Clubcard vs Nectar: the ultimate guide

justin schamotta
By Justin Schamotta

nectar card

THE idea of rewarding brand loyal supermarket shoppers with vouchers was introduced by Tesco 20 years ago.

Twelve months after the scheme's launch, Tesco Clubcard holders were reported to be spending 28% more at Tesco and 16% less at rival supermarket, Sainsbury's.

Sainsbury's responded by introducing their own loyalty scheme, Nectar.

While both schemes are undeniably popular, they've long since stopped inspiring the slavish devotion their issuers presumably hope for.

In 2014 data specialists GI Insight found that while 94% of people are signed up to at least one loyalty scheme, more than half never use them.

Meanwhile, according to research carried out by shopping website Quidco in 2013, 12% of people have stopped using loyalty cards all together, and almost a fifth of people had stopped participating in at least one loyalty scheme in the past 12 months.

And Natalie Berg of Planet Retail has predicted that 2015 will see the end of the loyalty card all together, in favour of better prices and all-round convenience.

She says customers are far more promiscuous now, shopping around and buying "little and often".

But for those who are still keen on collecting points, where would they be better off shopping: Sainsbury's or Tesco?

Rewards and earning power

Shoppers using a Tesco Clubcard get one point for every £1 they spend in store, and one point for every £2 spent on Tesco fuel.

For every 150 points earned, Tesco sends Clubcard holders a voucher worth £1.50 to spend on Tesco goods.

Or, more usefully, Clubcard holders can maximise their points by trading the vouchers they earn for Clubcard Boosts. These can increase the spending power at selected outlets by up to four times. So, for example, a £10 voucher can be exchanged for one worth £40.

Clubcard holders who spend £100 a week at Tesco will earn 100 points each shop, or 5,200 points a year. That works out at £52 a year in grocery vouchers or up to £208 worth of Clubcard Boosts.

As of April 11th 2015, shoppers using a Nectar card at a Sainsbury's supermarket will earn one point for every £1 spent - down from two points per £1 previously.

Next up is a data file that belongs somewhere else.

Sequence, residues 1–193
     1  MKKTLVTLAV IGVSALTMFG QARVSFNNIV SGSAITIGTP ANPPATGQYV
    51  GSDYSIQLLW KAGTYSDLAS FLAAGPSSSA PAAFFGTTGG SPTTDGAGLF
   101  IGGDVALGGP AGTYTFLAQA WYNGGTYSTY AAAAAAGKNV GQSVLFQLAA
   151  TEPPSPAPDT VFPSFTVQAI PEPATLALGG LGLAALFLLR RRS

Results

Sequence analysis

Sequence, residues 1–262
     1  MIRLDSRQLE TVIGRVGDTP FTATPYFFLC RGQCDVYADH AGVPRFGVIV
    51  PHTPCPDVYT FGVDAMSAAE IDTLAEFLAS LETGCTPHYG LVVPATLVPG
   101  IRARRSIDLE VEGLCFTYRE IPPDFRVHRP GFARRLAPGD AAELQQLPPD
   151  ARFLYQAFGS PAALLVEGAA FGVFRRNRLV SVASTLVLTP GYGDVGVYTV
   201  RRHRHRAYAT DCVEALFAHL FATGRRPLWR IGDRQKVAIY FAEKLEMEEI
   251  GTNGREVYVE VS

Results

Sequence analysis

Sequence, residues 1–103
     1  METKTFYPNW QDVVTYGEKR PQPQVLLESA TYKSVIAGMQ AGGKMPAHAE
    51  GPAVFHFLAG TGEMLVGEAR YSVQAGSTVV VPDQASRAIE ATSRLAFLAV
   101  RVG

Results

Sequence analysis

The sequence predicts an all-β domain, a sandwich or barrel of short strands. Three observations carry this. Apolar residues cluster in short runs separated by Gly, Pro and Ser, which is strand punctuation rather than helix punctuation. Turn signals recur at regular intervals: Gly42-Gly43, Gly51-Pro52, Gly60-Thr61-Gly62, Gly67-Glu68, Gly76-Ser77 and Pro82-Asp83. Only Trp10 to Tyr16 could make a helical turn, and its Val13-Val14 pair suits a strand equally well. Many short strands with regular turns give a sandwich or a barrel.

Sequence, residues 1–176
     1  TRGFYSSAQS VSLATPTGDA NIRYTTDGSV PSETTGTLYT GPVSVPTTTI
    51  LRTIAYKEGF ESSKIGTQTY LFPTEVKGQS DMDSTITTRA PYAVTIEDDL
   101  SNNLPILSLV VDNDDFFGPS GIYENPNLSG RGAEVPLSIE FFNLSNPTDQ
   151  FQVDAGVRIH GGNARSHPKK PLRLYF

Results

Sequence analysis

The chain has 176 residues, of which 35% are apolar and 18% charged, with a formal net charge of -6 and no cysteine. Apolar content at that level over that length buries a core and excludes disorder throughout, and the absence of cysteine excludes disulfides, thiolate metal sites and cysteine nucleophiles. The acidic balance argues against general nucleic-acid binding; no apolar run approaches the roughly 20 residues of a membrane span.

Customers are also awarded one point for every 1 litre of Sainsbury's fuel purchased - but they will no longer receive points for reusing bags.

Nectar points can be redeemed for use in store, or to buy anything from cinema trips to flights.

A weekly shop of £100 in Sainsbury's will earn a Nectar cardholder 100 points a week. This equates to 5,200 points a year, which is £26.00 to spend.

Ways to earn

There are numerous ways to earn both Clubcard points and Nectar points. In both supermarkets, points can be earned by buying goods in store, such as groceries, clothing, electrical items and books.

With supermarkets diversifying, it's also possible to earn points by buying the respective supermarkets' own financial brands, fuel, mobile phones services, bathrooms, and diet plans.

Sainsbury's Nectar card holders can also collect points during visits to Homebase - or, for those who shop online, on a vast number of websites including Debenhams, Wallis, Next, Argos, Ebay, Office and the Apple Store. This goes some way to making up for the higher number of points required to start claiming rewards.

Here are just some examples of ways to earn Clubcard or Nectar points:

Clubcard Nectar
Groceries 1 point per £1 spent
in-store and online
1 point per £1 spent
in-store and online
Electricals, Appliances,
Furniture, Books
1 point per £1 spent
Tesco Direct
1 point per £1 spent
Fuel 1 point per £2 spent 1 point per 1 litre
Mobile 1 point per £1 spent on PAYG or monthly contract Tesco Mobile 1 point per £1 top-up, double points on shopping and fuel per 30-day bundle Mobile by Sainsbury's